We'd like to share that information so other people can have an enjoyable and stress-free experience. See the notes at the end for useful advice.

This information is only based on our experiences with the Tokyo tournament - we don't know if it is the same for the other locations in Japan.

Buying Discount tickets

The discount tickets go on sale at 7:45 AM.  However, people start to line up much earlier! Recently, I went to the stadium on a Wednesday morning for the January 2017 tournament and arrived at 7:15. I was 185th in line at that point. One weekends or really important match days, there may be even more people.  The later you are, the greater the chance you won't get a ticket.

To buy the 'day of' tickets, you will need to arrive early. Once you have the tickets, what do you do with the rest of the day?  Here is our recommended plan:

1. Buy the tickets
2. Have late Japanese breakfast at Japanese fast food place - we recommend this place (menu with photos).
3. Go get a coffee and relax.
4. Go to the Edo Tokyo Museum next to sumo stadium.  It is one of the best in Tokyo and highly recommended! You can arragne a free guide in your language, but you must do it in advance. At a minimum, visit the museum gift shop.  It has many wonderful and beautiful gifts - some of the best in Japan.
5. Go have chanko nabe (traditional sumo food) for lunch - we recommend the 1050 yen lunch special at this restaurant.  Chanko is a very famous sumo wrestler dish - a big, hot, soupy bowl of meat and veggies - delicious!  We've have had it twice and enjoyed it both times.
6. Either walk around or go back to museum for awhile.
7. Go to convenience store to stock on on food and drink - you can take your own into the stadium. You can leave the stadium one time after you enter and then return if you need to restock supplies or run an errand.  If you wait to buy food and drink at the stadium during the breaks, there will be very long lines.
8. Go to sumo tournament around 2:45 pm if you want to see the opening ceremony for the senior division.  The last matches with the yokozuna (top position) end around 5:50 pm.  Watch and enjoy. 9. Afterwards, go to Popeye's nearby, a bar with one of the largest selection of draft beers in all of Japan.  It is expensive (about 1000 yen a beer), but you can try some Japanese craft beers you will find no where else.

Rental radio

You can rent a radio set from the stadium for 100 yen with a 2000 yen deposit.  With it, you can listen to an English language commentary which really helps you understand what you are seeing.  We recommend it highly.

Sumo schedule

The juniors ceremonial entrance is at 2:20 PM or so, where they wear their ceremonial kesho-mawashi (aprons). Their matches begin soon after.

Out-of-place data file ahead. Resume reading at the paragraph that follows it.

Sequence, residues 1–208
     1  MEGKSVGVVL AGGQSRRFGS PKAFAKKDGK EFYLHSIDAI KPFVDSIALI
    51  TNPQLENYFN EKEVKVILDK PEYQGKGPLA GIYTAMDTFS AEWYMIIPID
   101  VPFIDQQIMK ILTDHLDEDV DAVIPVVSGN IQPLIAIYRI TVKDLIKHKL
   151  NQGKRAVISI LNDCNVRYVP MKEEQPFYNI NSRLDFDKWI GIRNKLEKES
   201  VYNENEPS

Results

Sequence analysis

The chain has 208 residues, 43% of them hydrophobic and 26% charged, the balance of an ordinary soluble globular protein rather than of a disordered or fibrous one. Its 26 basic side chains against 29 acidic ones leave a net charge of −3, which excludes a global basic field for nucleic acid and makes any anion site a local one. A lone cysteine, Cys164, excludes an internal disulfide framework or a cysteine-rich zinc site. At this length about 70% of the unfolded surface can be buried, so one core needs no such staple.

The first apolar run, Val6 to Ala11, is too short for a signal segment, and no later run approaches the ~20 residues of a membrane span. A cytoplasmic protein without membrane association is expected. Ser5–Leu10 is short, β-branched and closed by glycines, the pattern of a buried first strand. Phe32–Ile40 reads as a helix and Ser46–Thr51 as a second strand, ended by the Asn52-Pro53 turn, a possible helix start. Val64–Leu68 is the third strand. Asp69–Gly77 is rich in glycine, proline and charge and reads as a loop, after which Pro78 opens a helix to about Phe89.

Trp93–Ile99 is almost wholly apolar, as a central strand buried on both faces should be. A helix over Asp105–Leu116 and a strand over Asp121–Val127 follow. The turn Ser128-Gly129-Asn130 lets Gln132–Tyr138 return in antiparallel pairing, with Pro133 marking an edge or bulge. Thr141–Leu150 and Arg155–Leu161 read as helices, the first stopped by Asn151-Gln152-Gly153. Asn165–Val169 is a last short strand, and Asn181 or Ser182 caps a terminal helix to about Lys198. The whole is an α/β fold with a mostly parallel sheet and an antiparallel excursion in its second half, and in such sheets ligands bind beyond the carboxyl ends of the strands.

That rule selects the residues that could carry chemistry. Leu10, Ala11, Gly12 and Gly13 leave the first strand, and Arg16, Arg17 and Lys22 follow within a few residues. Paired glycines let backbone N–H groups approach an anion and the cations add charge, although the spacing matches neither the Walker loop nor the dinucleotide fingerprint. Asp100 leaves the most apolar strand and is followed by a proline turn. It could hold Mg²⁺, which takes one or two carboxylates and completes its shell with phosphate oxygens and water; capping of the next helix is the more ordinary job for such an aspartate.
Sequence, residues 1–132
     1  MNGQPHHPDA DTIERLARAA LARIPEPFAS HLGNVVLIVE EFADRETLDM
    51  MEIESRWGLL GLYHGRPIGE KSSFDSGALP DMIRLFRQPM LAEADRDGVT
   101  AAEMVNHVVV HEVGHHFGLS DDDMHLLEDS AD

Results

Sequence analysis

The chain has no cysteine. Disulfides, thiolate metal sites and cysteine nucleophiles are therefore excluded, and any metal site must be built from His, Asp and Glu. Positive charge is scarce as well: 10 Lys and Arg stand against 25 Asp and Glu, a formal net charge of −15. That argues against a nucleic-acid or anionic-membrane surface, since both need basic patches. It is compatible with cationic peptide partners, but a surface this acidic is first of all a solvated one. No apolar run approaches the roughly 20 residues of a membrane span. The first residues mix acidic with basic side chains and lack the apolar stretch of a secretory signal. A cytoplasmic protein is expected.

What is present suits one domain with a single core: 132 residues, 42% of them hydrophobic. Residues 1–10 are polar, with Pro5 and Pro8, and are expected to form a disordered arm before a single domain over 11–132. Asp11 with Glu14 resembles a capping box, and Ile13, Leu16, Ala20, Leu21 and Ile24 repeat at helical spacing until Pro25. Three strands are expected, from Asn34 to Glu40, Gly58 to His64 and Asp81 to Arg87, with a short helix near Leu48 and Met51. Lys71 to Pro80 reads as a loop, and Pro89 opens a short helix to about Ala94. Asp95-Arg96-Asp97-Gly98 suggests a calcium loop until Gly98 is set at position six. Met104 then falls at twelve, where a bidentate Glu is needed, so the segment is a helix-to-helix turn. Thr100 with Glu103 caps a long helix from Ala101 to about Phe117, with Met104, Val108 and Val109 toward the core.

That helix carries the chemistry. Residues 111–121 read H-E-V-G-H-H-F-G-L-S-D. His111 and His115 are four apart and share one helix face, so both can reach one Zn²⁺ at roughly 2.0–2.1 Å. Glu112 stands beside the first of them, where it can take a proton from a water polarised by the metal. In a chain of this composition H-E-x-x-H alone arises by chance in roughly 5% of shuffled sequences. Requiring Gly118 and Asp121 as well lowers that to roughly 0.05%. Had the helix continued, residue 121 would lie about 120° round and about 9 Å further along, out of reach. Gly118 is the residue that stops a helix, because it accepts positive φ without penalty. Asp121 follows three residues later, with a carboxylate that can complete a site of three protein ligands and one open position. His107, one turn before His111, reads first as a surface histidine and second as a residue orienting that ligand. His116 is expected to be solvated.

The senior division has their ceremonial entrance around 3:45 PM.  They begin sometime after 4 PM.  Unless you are a die hard fan and want to watch four hours of sumo, we might recommend going for just the senior division around 3:45 PM.

More details can be found at

Sumo on Youtube - this Youtube channel has all the matches available for the day.

If you have any questions, please post a comment!

Saturday, December 17, 2011

Long time, no write, ne?

Wow, I realize it's been a really long time since I last write on this blog. Sorry about that.

The main reason is that I have been working a lot on a new project related to my teaching. This year have introduced a spaced repetition flash card program into my classes. Based on user feedback about how well a card is known, the program adjusts the time interval until the next review. In this way, you see the card again just before you are likely to forget it. You only study what you NEED to study WHEN you need to study it. We use it to study Japanese every day. The name of the program is Anki.

So, I am qtr ying to get my students to use it in and out of class, with some successes but mostly failures. I've been busy writing a paper about my first semester's experience for publication in our university's in-house journal. I also started a blog as a venue to shares ideas and information with other teachers:

And to find more people out there doing similar things, I actually started a twitter account... It's all bee rather exciting but it me consuming. My Japanese studying is definitely suffering!

So, that's anut all that's new. We are going to Hokkaido for snow and cold weather for the new years holiday. We also bought tickets to come home for a visit in February. Hopefully we will see you then!

Saturday, October 22, 2011

Volunteering in Ishinomaki

This weekend we went to the orientation meeting for the volunteer trip next week up to Ishinomaki in Tohoku (northern Japan) during our week's vacation from the university. Ishinomaki was greatly damaged by the earthquake and subsequent tsumani. Approximately 20% of the population was killed. Some of the more dramatic tsunami video footage you may have seen came from Ishinomaki. Even more than six months later, the recovery, restoration and rebuilding efforts are still ongoing and desperately needed.

We are going with Peace Boat and their "Emergency Relief Operation" and will spend a week with many other volunteers, international and Japanese, helping as best we can. Our friend, Chris (another Asia University teacher) participated in the same program in September and gave it a rousing endorsement

Peace Boat's work is focused on three main areas: general clean up (drainage ditches along the sides of roads, flooded homes, etc.), construction of temporary housing, and helping the fishing industry (salvaging equipment, cleaning up the shore, etc.). At this point, we don't know which one we will be helping with.

The group will take a night bus from Tokyo on Friday evening. On Saturday, we start work. Our shared accommodations will be a large, unheated room on the second floor of a now defunct cleaning business. Basically, we will be camping and need sleeping bags, sleeping pads, etc. Peace Boat will provide a brown bag lunch and a bento box dinner; we are responsible for breakfasts and miscellaneous snacks. There is a convenience store ten minutes away by foot, but they encouraged us to bring everything we might need or want. There should be access to showers (an onsen?) every other day, but it will be dirty work with no access to laundry facilities.

We are a little nervous but excited about this trip and are really grateful for the chance to help. Even though we can only do a little bit, it is important that people affected by this disaster know they are not forgotten and that people still want to help.

Stay tuned for photos and info (although we may have limited access to electricity and won't do much with the Internet).